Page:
Communities can come from anywhere people have close contact and an opportunity to get to know — and care — about each other on a regular basis. School, work, neighborhoods, houses of worship, sports leagues, youth groups, volunteer organizations, even Facebook groups. When you have a sense of community, you look out for one another, you are concerned with each other’s well-being. And when you have that sense of belonging to something bigger than any single one of us, you don’t, for instance, look to get out of paying for schools via property taxes or begrudge others affordable healthcare options. Because you know you are all in the same boat and what raises up one raises up all.

My theory is that the absence of that sense of community is hurting America. The country is just too damned big. Too many people live solo lives, are disconnected, move far from family, lack social grounding. To have a group you care about beyond a small circle of friends or your immediate family isn’t as common as it once was. And if people haven’t cultivated that sense of connection to those on their street or in their neighborhood or school district, how can they ever do it at a county, state or national level?

In Judaism, we are taught “Kol Yisrael arevim zeh la-zeh” (“All of Israel, i.e., Jews, are responsible for one another”). It’s a different way of thinking, and one worth exploring…and embracing. But even Israelis struggle with it. Yes, people come together in times of war, Israeli mothers do not hesitate to give unsolicited parenting advice on the playground, and the pain of loss for the families of victims of terror is communal. These are but a few ways that the entire country is bound together as one community. At the same time, we know there are divides – Ashkenazi and Mizrahi, for instance, or secular, religious and haredi, and of course, Jewish and Palestinian (this last one made worse for several reasons which we can explore another time). Israelis are subject to the same human tendency as the rest of us – to label others as different and write them off.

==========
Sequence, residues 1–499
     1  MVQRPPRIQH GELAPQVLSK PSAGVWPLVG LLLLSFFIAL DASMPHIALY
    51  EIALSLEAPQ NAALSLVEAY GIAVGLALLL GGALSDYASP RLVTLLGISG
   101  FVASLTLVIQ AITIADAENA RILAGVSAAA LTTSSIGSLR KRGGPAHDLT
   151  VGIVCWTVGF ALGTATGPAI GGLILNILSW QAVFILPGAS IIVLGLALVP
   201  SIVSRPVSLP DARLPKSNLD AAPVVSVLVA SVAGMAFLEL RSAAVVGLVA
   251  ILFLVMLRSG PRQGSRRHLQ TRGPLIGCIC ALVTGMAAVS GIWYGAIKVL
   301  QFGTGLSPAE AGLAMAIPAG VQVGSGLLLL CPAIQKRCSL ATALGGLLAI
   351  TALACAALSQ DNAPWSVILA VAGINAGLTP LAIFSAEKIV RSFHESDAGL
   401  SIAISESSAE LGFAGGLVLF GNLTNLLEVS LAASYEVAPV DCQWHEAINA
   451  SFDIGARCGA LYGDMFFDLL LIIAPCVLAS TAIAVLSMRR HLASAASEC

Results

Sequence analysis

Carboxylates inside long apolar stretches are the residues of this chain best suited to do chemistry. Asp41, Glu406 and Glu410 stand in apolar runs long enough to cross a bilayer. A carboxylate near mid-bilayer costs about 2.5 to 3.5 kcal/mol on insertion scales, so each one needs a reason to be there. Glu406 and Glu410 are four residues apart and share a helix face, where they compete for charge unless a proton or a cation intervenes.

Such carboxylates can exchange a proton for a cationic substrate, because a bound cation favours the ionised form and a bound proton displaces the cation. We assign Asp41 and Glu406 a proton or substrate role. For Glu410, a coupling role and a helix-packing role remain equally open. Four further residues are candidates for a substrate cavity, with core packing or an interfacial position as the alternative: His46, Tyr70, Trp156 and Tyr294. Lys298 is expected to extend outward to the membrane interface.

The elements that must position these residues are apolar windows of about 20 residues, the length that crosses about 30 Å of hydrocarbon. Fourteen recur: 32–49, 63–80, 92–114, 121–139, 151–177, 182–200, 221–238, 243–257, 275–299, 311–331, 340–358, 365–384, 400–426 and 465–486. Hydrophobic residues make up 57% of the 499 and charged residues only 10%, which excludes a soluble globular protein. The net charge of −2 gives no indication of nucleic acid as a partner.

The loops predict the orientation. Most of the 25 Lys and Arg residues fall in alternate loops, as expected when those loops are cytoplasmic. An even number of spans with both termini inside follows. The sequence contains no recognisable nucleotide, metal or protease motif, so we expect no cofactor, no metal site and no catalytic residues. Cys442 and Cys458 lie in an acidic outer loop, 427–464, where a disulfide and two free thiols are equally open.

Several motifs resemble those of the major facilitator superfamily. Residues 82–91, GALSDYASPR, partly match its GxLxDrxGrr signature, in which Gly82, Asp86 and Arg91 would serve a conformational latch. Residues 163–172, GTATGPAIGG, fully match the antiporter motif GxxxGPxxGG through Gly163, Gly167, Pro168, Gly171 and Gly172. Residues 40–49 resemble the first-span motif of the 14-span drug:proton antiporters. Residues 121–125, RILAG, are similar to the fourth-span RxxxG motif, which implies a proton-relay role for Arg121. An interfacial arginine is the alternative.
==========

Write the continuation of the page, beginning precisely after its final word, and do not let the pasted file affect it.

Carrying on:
And still, at the end of the day, they know they only have each other. Israel can only depend on Israel. The feeling of connection is strong. Even when Israelis move away, they find each other and find their connection to home. For instance, for three hours every Sunday night, since 1999, Elihu Ben-Onn has hosted a radio show, international in scope. The Israeli Connection (Kesher Yisraeli) is broadcast on radio (Kan Bet) and online, from midnight in Israel and 5pm Eastern. This virtual ingathering of yordim (those who moved away) and the topics they highlight, to me, strengthen the ties of its dispersed community.

Back in the late 1980s, I worked on two different kibbutzim. HaMa’apil was small, and Ramat Yohanan, a bit larger. At Ramat Yohanan, I also studied Hebrew in an Ulpan for a number of months, as the first part of a yearlong volunteer program, Sherut La’Am, during which I taught English to injured soldiers and to remedial elementary students. Both the collective settlements and the establishment of a variety of volunteer program, as well as Sherut Leumi, a two year program that Israeli religious girls volunteer for in lieu of serving in the army, all feed a larger concept of helping others. Not because of any concept of charity. But because of the idea that the sum of the whole – the community – is greater than any of its parts. Truly, on a larger scale, “Kol Yisrael arevim zeh la-zeh.”

Here in America, it’s always been taken for granted that those who work hard and strive towards their goal can make it. But when you embrace capitalism without saving room for community, you get an “each man for himself” atmosphere, a belief that worrying about your own is all that matters. And from there, it is a hop, skip and a jump to simply not giving a damn about anyone else…

Even in the “goldineh medinah,” communities can be built. And should be. No man is an island nor ought to be. Instead of watching the craziness of this world, as I wrote last week, reach out. Do something…and then take the next step.

Beyond just building out our social circles, and consciously diversifying them, we need to internalize that the world is a better place when all have the same opportunities. Please, let’s not sit on the sidelines and deny ourselves the sense of satisfaction and completeness that comes from connecting with others and feeling responsible for their wellbeing. Let’s turn our audience (kahal) into a community (kehillah).